Monday, December 10, 2012

McCall's M4548: Part VI: The bodice

Test bodice #1.  Excuse the horrible fabric.  It was on clearance.


This wasn't bad, but there was a little too much pooching behind the arm.


I changed the curve of the side/back piece a bit and it isn't perfect but it's fixed enough for this go-round.  It looks better when I'm not twisting to photograph myself, too, I promise.


I had a coupon for Joann's so I got a bunch of blue triple-windowpane check homespun:


I got this striped fabric ages ago at Wal-Mart.  I overdyed it with three boxes of Rit (1 teal, 1 dark green, 1 Kelly green) and was originally going to use it for the whole dress, but it seemed a bit stiff.  Too stiff for sleeves, for instance.  I used it for the lining instead, and it was ideal.  It's not so much heavier than the homespun that it makes the dress bulky, but it still gives the bodice some structure.


To make a lining, I just cut a second bodice out of the green fabric.  The only difference was that I cut it shorter on the outer edge (along the front opening), where the outer fabric will fold over to make the button placket.  Here it is, assembled except for the shoulder seams, which will get sewn up together with the outer bodice (more on this below):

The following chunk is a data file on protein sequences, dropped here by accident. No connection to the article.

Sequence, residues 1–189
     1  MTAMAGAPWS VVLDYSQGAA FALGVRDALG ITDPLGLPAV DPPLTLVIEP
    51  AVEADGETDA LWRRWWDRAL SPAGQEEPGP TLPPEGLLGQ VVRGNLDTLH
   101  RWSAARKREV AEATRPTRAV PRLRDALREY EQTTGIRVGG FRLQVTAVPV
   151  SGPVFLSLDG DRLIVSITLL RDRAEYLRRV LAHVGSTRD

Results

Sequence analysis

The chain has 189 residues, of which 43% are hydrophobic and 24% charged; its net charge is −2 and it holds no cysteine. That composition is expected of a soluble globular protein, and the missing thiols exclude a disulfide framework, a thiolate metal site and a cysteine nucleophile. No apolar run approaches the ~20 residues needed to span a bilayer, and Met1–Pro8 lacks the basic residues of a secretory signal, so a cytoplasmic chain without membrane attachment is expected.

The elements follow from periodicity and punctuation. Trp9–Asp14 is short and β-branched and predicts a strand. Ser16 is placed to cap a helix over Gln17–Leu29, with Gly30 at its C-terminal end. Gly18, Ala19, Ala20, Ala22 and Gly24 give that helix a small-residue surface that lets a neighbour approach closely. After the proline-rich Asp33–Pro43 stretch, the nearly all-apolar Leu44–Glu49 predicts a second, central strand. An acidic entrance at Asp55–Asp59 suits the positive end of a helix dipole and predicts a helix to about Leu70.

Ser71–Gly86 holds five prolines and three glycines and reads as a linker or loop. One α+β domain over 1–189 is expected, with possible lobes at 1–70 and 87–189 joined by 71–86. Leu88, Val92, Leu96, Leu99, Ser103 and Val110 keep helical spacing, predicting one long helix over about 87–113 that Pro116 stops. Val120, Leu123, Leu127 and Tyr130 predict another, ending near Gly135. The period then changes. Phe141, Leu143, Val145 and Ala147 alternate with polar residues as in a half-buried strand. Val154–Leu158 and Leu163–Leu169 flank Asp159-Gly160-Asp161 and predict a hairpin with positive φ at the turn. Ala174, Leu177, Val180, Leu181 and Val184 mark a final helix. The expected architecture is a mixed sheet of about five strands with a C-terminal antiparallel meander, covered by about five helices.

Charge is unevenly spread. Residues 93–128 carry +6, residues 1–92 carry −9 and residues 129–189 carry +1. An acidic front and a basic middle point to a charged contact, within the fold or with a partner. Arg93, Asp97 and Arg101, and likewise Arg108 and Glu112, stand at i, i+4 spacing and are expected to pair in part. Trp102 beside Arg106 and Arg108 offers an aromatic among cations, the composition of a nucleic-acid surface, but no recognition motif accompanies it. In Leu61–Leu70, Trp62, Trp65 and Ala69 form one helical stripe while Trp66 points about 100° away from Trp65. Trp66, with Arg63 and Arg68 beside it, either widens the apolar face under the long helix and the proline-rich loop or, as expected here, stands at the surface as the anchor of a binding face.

This is what I did for the sweetheart yoke on the bodice.  I actually did this wrong; I should have ended the curve at the outer edge of the  button placket, not the inner edge (the fold-over is for the self-facing).  The bodice isn't actually asymmetrical but it will look that way because the end of the curve on the underlapping bodice half is covered up.
 I should have done this.  Live and learn.
Anyway, the result looked like this.  It was a bit clumsy but worked out well enough.  That's piping in the seam.


I assembled the lining and outer bodice separately, except for the shoulder seams.  Then, I basted them wrong sides together and sewed the shoulder seams through four layers as if the two layers were only one.  I'll finish the shoulder seams by hand.

The bodice so far.  You can see how the point of the yoke doesn't match up because the end of the curve on the right (your left) is covered.

I absolutely love the overall look, though. I'm definitely doing this again, better, on another dress.


The original sleeve.  The diameter of the lower sleeve, I kid you not, is almost as big around as my waist.


I folded two inches out of the sleeve cap and several inches out of the sleeve width.  The finished redrafted sleeve will be 16 inches in diameter, finished, and won't be belled out toward the bottom.





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